Bridget Quinn is author of the award-winning Broad Strokes: 15 Women Who Made Art and Made History (in That Order), an Amazon pick for Best Art & Photography Books 2017 and a 2018 Amelia Bloomer List selection of recommended feminist literature from the American Library Association. NPR’s Susan Stamberg calls it “a terrific essay collection” with “spunky attitudinal, SMART writing.” In 2020, Quinn published She Votes: How U.S. Women Won Suffrage, and What Happened Next, an Amazon Editors’ pick in Best History books. Published to coincide with the one hundred year anniversary of ratification of the Nineteenth Amendment, She Votes features illustrations by one hundred contemporary women artists. Her next book will have a short subtitle (she hopes).
Take it away, Bridget!
In both She Votes and Broad Strokes, you include profiles of the famous and the not-so famous. How do you chose the women to include in your books?
The choice is partly a biographical one – that is, my own biography and what has called to me over time, for any variety of reasons – and partly an attempt to choose the right representative person/art/event to suit the book’s timeline and overall arc. It’s a bit sculptural in a way. How will the overall piece look and feel; what shape should it take? But mostly it’s about telling a story and doing it with honesty, fun and, I hope, flashes of wit, along with some anger.
Was a there a woman you were sad to leave out?
So many, far too many to name (ugh). But part of writing a book is shaping a narrative, honing, cutting, forming, and that inevitably means you leave more out than you put in. But in particular, for Broad Strokes I decided not to write about Swedish mystic Hilma af Klint, who was on my original list, because I feared she was too much my personal obsession. Then a year after the book came out, the Guggenheim held a show of af Klint’s work that was the most attended exhibition in the museum’s history. So, totally wrong choice on my part! I also originally wrote about Agnes Martin for Broad Strokes and in the end image rights restrictions made it impossible to include her. And I’d wanted to include Maya Lin (land art), and Barbara Kruger or Jenny Holzer (text), but I’d backloaded the story and didn’t have enough room for many contemporary artists. In addition, living artists entail many more rights issues than the other kind, so Broad Strokes leans into history more than contemporary. Finally, we wanted to stick with just a handful of artists – mirroring H. W. Janson’s The History of Art – which when it did include women artists (after several editions) in “The” history of art came up with just sixteen across some 800 pages.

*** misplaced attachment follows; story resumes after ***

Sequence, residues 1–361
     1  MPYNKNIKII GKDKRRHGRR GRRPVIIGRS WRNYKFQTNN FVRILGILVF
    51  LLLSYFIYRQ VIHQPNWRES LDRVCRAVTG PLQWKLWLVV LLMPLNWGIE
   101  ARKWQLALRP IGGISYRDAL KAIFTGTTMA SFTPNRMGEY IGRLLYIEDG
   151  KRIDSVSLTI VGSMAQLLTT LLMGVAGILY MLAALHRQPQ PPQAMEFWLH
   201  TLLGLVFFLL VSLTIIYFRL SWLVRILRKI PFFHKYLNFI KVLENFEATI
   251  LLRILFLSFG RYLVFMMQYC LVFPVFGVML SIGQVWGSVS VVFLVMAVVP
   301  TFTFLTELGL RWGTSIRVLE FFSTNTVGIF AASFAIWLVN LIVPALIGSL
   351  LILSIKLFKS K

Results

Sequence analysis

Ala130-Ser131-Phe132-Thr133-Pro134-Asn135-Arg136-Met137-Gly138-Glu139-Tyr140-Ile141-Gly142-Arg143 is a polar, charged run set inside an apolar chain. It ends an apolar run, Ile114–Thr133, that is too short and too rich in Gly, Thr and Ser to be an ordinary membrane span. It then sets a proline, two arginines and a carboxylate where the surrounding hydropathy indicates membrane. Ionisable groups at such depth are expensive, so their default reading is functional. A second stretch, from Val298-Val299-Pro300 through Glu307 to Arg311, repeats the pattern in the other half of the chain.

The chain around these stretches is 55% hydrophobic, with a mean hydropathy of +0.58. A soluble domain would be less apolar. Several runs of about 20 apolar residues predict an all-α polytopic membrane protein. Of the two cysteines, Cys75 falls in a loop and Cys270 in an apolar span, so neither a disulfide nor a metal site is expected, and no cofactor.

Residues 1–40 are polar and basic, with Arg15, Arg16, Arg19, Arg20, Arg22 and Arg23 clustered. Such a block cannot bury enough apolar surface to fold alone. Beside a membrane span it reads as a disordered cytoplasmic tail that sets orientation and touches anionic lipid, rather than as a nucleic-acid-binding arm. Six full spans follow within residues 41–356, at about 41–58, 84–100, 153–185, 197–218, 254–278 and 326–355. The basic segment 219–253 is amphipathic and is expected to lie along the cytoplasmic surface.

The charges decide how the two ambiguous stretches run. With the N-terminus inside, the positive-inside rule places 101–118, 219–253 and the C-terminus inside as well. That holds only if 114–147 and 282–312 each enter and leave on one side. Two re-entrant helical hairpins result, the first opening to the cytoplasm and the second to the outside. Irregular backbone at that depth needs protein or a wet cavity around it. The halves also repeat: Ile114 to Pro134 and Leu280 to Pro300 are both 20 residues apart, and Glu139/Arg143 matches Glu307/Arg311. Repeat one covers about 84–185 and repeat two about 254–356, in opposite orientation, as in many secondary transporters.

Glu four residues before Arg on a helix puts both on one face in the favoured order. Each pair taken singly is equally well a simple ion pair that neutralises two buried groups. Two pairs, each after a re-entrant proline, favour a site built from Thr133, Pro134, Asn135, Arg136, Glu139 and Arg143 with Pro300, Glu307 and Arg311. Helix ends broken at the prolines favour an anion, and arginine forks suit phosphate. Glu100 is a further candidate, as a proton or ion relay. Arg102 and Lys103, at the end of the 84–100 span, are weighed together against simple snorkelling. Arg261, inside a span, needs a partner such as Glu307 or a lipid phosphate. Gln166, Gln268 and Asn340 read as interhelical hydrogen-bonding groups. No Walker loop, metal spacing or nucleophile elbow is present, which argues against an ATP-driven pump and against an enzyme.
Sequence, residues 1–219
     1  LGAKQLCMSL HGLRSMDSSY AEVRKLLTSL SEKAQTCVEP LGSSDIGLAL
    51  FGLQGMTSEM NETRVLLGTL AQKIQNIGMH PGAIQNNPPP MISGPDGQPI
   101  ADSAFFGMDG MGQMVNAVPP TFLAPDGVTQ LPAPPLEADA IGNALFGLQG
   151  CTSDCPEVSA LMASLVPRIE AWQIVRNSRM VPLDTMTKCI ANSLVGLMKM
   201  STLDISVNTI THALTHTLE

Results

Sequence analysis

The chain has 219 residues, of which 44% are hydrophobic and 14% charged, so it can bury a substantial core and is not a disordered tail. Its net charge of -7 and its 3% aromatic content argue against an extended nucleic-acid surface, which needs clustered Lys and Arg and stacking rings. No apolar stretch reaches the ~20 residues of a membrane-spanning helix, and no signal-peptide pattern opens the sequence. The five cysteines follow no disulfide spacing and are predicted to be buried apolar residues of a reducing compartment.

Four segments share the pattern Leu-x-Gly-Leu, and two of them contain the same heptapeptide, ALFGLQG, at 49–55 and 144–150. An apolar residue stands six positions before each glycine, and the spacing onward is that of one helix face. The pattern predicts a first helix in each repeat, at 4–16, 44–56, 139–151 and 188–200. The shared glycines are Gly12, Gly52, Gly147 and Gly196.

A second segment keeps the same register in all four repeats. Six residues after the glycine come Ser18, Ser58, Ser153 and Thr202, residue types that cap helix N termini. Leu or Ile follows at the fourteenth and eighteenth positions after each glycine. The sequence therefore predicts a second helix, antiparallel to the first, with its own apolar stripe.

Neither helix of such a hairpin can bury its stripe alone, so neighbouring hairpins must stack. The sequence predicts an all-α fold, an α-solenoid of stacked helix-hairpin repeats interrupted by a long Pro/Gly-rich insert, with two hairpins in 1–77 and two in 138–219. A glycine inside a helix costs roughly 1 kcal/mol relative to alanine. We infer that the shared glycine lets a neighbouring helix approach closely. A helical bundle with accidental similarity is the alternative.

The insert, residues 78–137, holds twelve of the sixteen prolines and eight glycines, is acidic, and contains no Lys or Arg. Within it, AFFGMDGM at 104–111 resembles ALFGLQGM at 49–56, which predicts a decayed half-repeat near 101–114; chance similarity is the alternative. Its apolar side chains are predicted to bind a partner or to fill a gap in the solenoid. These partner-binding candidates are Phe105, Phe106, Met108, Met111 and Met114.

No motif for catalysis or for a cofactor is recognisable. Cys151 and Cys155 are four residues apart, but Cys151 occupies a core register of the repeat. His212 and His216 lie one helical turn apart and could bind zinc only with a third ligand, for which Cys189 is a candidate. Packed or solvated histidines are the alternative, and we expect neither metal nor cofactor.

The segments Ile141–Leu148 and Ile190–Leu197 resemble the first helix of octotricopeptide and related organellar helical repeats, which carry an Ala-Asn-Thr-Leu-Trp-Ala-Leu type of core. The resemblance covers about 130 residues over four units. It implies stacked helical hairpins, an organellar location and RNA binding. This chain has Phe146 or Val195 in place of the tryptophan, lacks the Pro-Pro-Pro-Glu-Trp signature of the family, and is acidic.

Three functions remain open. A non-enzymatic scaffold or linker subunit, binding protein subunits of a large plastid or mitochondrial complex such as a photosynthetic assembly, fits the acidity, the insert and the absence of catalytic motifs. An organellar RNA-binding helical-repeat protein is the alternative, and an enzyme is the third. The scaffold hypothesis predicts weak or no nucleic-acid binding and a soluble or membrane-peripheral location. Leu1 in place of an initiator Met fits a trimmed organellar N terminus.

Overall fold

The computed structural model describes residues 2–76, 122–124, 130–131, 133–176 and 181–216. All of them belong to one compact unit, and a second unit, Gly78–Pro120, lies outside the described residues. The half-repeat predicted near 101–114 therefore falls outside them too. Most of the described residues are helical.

For She Votes, it was even more difficult to choose since it’s all fairly recent history and there are so many amazing stories, women, etc. and we know quite a lot about them. I wish I’d been able to feature San Francisco activist Tye Leung Schulze, who was the first Chinese-American woman to cast a vote, and who worked to free Chinese women from being sex trafficked on the West Coast. And Zitkala-Sa (also called Gertrude Simmons Bonnin), a writer, musician and Dakota activist who embodied so much that I admire in a person: art and ability married to unshakable conviction.
Because you write collective biographies, you’ve written about lots of different women. Do you have a favorite, or two?
I do. Right now I’m working on the biography of French eighteenth-century portraitist Adélaïde Labille-Guiard, who has haunted my life and work since I first encountered her in graduate school in my early twenties. She’s a significant reason why I became a writer. Adélaïde is Chapter 3 in Broad Strokes and now the subject of book number three. In She Votes I finally found a way to write for a broad audience about the Fort Shaw women’s basketball team, a group of native women in Montana who became the first World Champions of basketball in 1904. I grew up near Fort Shaw and my brothers hunted with some of the descendants of those players, so I knew their story for a long time and it was a thrill to tell it in a book.
Last year you wrote an important essay for Hyperallergic titled “What Should We Call the Great Women Artists?” I was already fascinated by, and struggling with, the question of how biographers chose to name their subjects, particularly when writing about women. Your article clarified my thinking, while at the same time making it clear that the question of historical women’s names is complicated. Where do you come down on the first name/last name question, absent any complicating factors?
How to put this? There is no “winning” when it comes to women’s names. I personally prefer to use first names for the reasons I give in the essay: Women are born with one name surname (their father’s name, usually) and if they marry it changes (historically, to her husband’s name). Besides the obvious problematic patriarchal implications, it means that in writing about women we’re referring to them by different names at different points in their lives. It also means women’s lives are sometimes lost due to losing the thread of who they are, especially if a woman remarries or if her husband or father has an “important” name himself. Many women artists, for example, have had their work tucked into the oeuvres of male relations. But on the other hand, using first names implies – so it seems – a lack of seriousness, both on the part of the author and for the subject. A reminder, though, that the “greats” of the Renaissance (and Ninja Turtles) are known by their first names: Raphael, Leonardo, Donatello, Michelangelo. We don’t think it unserious to call those men by their first names (nor Dante, Napoleon, Rembrandt, etc.). So there is something about women’s names themselves that are found unserious, and maybe we need to examine that.